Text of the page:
Loneliness. I’d been told it would be one of the hardest things I’d come up against in becoming a self-employed-one-man-band. Now, seemingly overnight, everyone is trying to come to grips with the iso-blues. Yep, we’re in the midst of a crash-course in dealing with near-complete isolation from our friends and family. Something that never would have crossed most people’s minds a few weeks back.
This is why loneliness and how to ‘deal with it’ are such important conversation topics right now.
Last week, I wrote about a few of my favourite tools for working from home like Zoom, Harvest, and Slack. The thing is it doesn’t really matter whether you’re working-from-home or isolating-at-home, tools like these are great enablers. I’ve never had so many video calls and messages (business or otherwise) as I have in these past couple of weeks. It barely feels like isolation sometimes!
I’m one of the lucky ones.
I know I’m in a fortunate position – I’m not oblivious to this. I have my wife, Lydia, we have our puppy, Billie (as always, #Pupdate is at the end of this post!) and the transition into working exclusively from home has been pretty easy as I was mainly working from home anyway!
Loneliness doesn’t discriminate
Even in my fortunate circumstances, I find myself occasionally missing the experience of a face-to-face meeting (even though it’s only been a week or so) and the variety of leaving the house! I realise that we need to be checking in with ourselves and our loved ones regularly and, generally, we need to be taking a bit more care with our actions and words.
I know it’s not quite this simple but, if I may take some liberties, I think there’s three parts (+ technology!) in building the foundation necessary to overcome the lonely iso-blues (not to be confused with the Higgs Boson Blues) during your working week:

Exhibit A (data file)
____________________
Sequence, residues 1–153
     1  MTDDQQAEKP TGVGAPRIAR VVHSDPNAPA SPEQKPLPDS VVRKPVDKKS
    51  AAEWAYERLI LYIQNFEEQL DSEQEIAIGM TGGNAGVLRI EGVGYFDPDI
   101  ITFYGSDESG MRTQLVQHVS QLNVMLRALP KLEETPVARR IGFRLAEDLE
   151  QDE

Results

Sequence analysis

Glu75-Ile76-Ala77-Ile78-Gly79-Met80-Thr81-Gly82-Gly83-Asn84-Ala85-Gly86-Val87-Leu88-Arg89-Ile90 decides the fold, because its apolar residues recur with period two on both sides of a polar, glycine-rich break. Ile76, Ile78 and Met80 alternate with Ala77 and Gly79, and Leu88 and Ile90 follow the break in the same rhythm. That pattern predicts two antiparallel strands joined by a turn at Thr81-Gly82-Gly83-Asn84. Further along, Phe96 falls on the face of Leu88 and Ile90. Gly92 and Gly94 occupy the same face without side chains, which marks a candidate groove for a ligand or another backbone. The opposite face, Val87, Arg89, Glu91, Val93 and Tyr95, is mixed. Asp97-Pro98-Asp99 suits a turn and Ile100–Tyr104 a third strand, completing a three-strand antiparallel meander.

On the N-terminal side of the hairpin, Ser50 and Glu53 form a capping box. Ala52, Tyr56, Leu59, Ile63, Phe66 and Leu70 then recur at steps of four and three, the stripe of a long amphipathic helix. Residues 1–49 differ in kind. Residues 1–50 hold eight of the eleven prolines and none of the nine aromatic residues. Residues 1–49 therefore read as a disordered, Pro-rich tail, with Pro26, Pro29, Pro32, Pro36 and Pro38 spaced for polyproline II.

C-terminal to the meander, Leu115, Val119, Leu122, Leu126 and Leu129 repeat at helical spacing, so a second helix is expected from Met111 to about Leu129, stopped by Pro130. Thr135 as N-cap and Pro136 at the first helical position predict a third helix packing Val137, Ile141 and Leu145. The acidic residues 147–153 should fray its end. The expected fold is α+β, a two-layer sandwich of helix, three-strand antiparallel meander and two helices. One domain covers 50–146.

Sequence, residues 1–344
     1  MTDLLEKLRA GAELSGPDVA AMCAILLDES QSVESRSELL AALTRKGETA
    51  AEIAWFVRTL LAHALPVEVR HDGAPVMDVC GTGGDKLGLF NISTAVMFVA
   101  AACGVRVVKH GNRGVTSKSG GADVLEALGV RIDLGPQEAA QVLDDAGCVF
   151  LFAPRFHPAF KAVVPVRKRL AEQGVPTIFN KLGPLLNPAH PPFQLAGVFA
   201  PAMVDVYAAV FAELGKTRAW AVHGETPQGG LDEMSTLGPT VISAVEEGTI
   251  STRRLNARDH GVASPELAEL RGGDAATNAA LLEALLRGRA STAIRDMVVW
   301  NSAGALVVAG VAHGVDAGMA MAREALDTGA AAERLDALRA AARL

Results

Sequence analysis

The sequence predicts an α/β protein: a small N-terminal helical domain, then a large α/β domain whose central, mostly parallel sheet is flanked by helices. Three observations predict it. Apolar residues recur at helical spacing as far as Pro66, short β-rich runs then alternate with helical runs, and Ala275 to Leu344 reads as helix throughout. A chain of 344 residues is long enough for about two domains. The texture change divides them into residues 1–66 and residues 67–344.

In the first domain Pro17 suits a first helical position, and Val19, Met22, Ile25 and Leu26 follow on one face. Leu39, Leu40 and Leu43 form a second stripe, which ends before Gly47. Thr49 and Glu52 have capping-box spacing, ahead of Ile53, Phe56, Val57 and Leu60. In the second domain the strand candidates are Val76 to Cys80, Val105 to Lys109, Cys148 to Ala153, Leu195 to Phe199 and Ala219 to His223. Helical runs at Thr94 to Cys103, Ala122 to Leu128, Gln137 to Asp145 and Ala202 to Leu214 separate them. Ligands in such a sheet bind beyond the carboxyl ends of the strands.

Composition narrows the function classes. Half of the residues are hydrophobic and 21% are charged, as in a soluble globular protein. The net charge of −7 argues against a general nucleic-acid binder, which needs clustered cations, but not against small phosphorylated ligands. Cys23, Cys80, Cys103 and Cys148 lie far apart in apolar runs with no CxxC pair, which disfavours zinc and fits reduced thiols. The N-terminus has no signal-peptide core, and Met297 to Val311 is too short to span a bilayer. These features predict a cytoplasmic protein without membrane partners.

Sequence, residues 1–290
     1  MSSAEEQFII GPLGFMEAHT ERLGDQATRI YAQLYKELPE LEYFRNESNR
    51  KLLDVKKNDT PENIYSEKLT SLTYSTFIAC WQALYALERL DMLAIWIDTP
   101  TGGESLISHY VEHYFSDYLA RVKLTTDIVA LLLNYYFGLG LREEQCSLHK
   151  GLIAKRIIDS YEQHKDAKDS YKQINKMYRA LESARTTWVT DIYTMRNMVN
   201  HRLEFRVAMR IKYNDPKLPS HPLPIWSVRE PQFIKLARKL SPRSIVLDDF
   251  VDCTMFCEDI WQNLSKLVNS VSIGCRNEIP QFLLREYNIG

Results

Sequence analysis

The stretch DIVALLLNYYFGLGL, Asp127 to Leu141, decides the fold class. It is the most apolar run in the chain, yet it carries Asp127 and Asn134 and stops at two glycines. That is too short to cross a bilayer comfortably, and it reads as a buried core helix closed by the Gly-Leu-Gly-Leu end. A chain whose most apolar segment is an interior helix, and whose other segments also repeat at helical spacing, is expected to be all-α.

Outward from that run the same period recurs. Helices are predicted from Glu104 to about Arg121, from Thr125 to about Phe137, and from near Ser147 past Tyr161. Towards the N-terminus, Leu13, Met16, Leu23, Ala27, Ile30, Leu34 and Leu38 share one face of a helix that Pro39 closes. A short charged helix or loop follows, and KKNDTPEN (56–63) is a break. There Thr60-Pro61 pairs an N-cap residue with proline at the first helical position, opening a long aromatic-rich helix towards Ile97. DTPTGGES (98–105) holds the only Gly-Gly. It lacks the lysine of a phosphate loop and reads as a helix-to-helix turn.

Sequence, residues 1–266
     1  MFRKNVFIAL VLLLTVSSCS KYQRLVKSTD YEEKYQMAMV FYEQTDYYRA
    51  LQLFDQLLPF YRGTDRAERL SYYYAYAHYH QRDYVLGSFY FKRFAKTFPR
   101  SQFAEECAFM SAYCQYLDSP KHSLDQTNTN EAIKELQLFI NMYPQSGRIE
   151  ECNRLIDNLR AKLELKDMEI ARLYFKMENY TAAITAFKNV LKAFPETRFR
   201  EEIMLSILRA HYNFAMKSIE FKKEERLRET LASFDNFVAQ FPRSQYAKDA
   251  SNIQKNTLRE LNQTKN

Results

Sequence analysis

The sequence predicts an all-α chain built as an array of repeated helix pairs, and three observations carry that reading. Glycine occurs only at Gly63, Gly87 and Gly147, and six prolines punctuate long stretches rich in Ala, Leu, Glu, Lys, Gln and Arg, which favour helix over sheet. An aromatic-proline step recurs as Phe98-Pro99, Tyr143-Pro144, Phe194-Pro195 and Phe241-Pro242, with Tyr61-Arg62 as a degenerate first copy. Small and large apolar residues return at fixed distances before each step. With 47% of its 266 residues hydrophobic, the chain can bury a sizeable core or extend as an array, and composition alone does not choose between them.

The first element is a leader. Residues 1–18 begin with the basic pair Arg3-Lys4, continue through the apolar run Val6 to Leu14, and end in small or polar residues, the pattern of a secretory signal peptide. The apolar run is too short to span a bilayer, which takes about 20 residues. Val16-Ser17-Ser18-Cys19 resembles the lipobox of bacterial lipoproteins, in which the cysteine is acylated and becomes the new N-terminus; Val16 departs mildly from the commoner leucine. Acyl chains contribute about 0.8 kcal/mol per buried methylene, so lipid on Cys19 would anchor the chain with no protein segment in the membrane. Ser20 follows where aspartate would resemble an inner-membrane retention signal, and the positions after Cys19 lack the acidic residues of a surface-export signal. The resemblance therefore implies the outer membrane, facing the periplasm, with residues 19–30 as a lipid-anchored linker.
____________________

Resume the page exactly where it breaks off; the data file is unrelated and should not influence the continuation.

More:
- Exercise & Diet
I’ve been told that over-communication is essential to avoid the feelings of loneliness that inevitably come in times like these. The funny thing is that even if you feel like you are over-communicating, you probably aren’t. When you factor in all the small talk you day in a ‘normal day’, you will realise just how frequently you’re communicating with others.
So, line up those video calls (don’t just stick to the old fashioned telephone!) and get set-up on Slack, Whatsapp, Messenger or [your preferred messaging platform] asap! Keep talking and communicating with your friends and loved ones – it’s better for all of us.
It’s tough being cooped up on your own! It’s even tougher when you don’t have a clear direction on how you’re going to run your day. The best option here is to create some sort of routine, think about when you:
- start work,
- finish work,
- take breaks
My opinion is that people should try to have a ‘normal’ day as if they were at the office. I’ll also go on record and say that there’s nothing wrong with doing a few chores around the house between tasks! Just try not to let the chores become your job for the day 😎
Tip: Appreciate your new, much shorter, commute to work! It’s my favourite part of working from home 🙌
Bonus Tip: You run the day, the day doesn’t run you.
Exercise & Diet
There is a clear link between physical and mental health. Make time to get some fresh air & exercise everyday. Firstly, it’s one of the few reasons to leave the house right now and, secondly, the endorphins from exercise will definitely improve your mood.
One of the more difficult things about working from home is the close proximity to the kitchen. I’m not going to preach on about meal planning or anything like that, I reckon just limit the snacking and try to eat the same amount of food you normally would (or, if you can, just eat when you’re hungry).
So, nothing to it then!
Unfortunately, that’s not true. These are just three things that you could be doing to help improve your mental and physical being. There is no cure-all to loneliness but you can definitely do things to help yourself and those around you. Keep safe and stay positive.
Tip: Whether you’re working from the home office or the dining table, get up and move around at least once an hour. It’s a good opportunity to make a cup of tea or coffee too.
Billie is quite possibly the cuddliest and sleepiest dog I’ve ever met. Her training is going well on all counts and we are so pleased that we put the effort into socialising her pre-isolation. She gets her final vaccines in mid-April and then we can finally take her for walks!
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